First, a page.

I'm assuming the ping would have a higher spin.......and a higher trajectory. Is that right?

Is the higher spin of the ping generated because of the wide sole design?

 

So as to marketing and matching the right clubs to the right player, it would be more advantagious to match to the players swing speed and not to whether they are a mid handicapper or a low handicapper. 

post #4 of 8

Well run on depends on the conditions, if your looking at hitting an iron onto a fairway, yea. If your looking hitting an iron into the green, not so much. 

 

As for backspin, its a bit tricky because the physics are a bit much. Backspin actually helps keep the ball in the air longer, so it can increase carry. Professional's want lower backspin on the driver because they can balloon shots alot more than amateurs can. Amateurs with slower golf speeds, need more backspin to get more carry.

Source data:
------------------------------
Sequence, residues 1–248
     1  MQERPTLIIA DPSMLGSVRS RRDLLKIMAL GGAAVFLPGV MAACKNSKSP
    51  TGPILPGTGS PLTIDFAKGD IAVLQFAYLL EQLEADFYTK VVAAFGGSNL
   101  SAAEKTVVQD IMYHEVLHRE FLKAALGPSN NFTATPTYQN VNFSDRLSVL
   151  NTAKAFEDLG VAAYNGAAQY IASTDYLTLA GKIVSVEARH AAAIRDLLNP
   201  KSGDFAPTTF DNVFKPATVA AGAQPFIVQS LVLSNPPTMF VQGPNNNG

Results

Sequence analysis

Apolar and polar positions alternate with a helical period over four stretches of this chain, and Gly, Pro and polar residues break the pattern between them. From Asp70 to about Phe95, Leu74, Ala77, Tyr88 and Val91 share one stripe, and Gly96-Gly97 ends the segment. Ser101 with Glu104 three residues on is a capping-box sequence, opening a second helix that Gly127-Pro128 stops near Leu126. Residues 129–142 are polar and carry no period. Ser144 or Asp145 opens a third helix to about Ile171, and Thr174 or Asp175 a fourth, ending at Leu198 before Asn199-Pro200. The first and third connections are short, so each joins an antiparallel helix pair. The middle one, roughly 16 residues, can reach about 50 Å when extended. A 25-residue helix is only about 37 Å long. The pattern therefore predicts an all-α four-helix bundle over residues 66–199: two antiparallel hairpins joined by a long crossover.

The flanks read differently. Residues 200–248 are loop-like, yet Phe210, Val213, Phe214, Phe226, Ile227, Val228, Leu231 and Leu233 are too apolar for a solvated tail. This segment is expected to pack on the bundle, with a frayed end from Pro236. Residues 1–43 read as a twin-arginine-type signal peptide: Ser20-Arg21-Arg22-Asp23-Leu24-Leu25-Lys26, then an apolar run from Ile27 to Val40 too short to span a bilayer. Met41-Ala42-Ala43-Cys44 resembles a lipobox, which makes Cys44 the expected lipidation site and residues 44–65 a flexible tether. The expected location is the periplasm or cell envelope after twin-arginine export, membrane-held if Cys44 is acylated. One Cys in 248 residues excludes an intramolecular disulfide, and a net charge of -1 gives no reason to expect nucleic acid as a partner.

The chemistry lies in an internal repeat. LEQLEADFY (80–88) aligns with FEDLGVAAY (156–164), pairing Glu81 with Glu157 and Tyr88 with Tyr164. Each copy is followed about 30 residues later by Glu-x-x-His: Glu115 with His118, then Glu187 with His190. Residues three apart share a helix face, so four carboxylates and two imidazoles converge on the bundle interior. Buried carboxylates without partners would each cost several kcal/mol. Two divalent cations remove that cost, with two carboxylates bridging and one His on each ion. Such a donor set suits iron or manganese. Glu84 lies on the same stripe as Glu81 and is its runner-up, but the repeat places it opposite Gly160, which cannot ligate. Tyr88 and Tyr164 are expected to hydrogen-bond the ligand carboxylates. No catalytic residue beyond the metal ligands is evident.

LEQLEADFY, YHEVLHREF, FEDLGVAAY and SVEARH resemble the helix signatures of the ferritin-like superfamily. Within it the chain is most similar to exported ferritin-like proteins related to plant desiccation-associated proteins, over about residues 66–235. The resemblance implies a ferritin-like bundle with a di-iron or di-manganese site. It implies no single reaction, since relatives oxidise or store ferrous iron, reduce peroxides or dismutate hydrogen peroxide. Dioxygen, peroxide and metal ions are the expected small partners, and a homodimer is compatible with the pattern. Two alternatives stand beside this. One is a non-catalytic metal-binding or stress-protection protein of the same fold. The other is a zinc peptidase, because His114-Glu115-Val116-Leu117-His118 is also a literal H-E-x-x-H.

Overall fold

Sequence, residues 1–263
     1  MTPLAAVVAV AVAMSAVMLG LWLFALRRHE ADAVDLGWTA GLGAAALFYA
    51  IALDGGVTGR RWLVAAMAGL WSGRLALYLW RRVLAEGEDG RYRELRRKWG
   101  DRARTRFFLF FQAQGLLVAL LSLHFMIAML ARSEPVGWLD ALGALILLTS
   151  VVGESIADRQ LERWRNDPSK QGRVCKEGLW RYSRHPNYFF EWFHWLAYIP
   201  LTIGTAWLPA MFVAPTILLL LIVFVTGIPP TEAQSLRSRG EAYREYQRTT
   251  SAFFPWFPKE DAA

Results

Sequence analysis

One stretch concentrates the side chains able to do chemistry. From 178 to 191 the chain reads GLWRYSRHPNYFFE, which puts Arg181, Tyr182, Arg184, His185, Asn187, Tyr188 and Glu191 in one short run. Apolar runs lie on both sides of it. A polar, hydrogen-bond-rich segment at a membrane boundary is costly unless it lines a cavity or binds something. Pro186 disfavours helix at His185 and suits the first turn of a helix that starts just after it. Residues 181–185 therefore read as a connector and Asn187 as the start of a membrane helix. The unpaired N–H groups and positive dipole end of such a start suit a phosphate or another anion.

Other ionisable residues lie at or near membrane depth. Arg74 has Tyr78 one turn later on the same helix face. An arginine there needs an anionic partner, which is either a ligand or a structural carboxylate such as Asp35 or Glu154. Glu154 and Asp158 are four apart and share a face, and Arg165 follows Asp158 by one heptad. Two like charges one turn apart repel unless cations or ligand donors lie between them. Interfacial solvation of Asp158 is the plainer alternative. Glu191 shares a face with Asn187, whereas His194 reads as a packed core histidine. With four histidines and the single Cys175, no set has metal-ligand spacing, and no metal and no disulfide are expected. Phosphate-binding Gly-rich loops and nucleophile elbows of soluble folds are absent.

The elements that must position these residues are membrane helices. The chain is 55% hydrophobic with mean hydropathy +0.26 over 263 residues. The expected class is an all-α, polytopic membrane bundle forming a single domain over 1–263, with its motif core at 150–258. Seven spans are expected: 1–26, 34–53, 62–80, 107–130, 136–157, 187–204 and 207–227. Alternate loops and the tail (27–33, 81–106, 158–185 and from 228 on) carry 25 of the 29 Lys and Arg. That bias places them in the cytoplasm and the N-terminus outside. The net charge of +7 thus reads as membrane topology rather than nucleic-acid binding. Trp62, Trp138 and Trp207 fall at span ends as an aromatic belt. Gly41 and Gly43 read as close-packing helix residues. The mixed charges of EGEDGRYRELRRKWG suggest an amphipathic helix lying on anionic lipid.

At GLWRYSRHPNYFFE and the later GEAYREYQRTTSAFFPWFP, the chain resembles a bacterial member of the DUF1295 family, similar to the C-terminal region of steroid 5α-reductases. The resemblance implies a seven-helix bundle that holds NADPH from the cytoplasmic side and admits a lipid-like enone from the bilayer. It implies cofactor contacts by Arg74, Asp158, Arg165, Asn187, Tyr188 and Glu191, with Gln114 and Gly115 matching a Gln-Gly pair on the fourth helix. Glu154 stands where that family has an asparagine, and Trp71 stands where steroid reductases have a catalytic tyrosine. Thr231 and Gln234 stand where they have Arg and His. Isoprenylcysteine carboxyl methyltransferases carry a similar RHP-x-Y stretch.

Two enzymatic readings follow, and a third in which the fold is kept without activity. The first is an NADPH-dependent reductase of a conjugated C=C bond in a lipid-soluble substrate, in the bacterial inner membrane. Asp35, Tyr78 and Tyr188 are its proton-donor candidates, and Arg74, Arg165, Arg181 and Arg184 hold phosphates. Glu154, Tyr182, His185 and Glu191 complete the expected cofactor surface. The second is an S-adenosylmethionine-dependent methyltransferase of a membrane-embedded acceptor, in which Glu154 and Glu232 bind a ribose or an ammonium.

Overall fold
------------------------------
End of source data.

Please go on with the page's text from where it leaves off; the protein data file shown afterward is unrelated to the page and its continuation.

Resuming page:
As for irons, I can see a progression from longer irons (less spin grooves), to shorter irons (more spin grooves), wedges are specifically made for more spin. So i can see that logic. As for a professional, i rarely see them back up an iron shot that is above a wedge, but of course they can control the spin, ad more or take it off. 

 

But for Amateurs, i would just want irons that get me a consistant distance with each iron. For slower golf speeds, irons that tend to hit the ball a little bit higher, so they stop sooner. I guess the trick is, getting the right combination of spin, distance, and shot height, because you wont be holding greens if you don't. 

post #5 of 8
Quote:
Originally Posted by logman View Post

Nice! LW! So a little bit more. If I was to hit two clubs . 1 a Mizuno blade.....6 iron at say 85 mph I'm assuming my spin would be lowish, 3000 or such like. the trajectory would be low and boring, with a shallow angle of descent, which would lead to a run on greater than.....2. a ping g15 6 iron also 85 mph. 

I'm assuming the ping would have a higher spin.......and a higher trajectory. Is that right?

Is the higher spin of the ping generated because of the wide sole design?

 

So as to marketing and matching the right clubs to the right player, it would be more advantagious to match to the players swing speed and not to whether they are a mid handicapper or a low handicapper.